At some point, I made a decision to reject the idea that my life was empty if it did not involve significant monogamous sexual relationships because I did not want to become a person who was shaped so wholly by the presence or absence of that element. As a consequence, the whole way that I thought about the possibilities of friendship and the level of intimacy that I was interested in exploring in my friendships shifted. Coming out was not only a process of acknowledging that I like to have sex with men, but also a process of letting go of the idea that I had to find a monogamous partner in order to be happy and build relationships with people that I could call family.

• • •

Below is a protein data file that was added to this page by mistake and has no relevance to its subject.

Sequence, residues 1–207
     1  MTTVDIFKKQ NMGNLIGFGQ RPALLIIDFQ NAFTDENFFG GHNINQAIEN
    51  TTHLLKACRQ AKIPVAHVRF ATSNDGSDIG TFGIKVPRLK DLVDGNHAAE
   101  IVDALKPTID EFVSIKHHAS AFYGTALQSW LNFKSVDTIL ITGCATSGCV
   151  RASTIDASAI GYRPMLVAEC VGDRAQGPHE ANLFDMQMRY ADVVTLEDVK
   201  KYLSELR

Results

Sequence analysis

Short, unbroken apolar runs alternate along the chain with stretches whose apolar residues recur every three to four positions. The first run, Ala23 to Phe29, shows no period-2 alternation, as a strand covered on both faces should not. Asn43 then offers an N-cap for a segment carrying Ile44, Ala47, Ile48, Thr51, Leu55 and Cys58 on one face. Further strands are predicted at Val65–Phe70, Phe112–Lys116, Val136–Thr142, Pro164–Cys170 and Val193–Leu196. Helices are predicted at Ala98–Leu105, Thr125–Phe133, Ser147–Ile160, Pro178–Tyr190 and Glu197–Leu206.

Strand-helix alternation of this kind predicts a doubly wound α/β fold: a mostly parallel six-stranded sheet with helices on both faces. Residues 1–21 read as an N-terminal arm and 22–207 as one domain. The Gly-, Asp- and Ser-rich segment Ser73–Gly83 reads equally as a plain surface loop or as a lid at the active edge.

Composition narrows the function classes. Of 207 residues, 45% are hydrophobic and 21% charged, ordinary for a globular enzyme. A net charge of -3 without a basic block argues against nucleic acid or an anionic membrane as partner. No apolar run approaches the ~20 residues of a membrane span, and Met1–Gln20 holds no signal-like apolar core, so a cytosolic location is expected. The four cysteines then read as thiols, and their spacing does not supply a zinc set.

Monogamy serves as a major theme in stories about how adults seek intimacy with other, unrelated adults and what the rules and limits of that intimacy are. Non-familial relationships are fit into a framework and hierarchy in which sexually monogamous partnership occupies the apex. Other relationships are necessarily subordinated to this one relationship and are only allowed to grow in specific ways and to certain limits. Many of our most powerful words are affected. The way that we commonly talk about family, honor, fidelity, happiness, betrayal, intimacy, integrity, love and commitment are all tied up with this idea.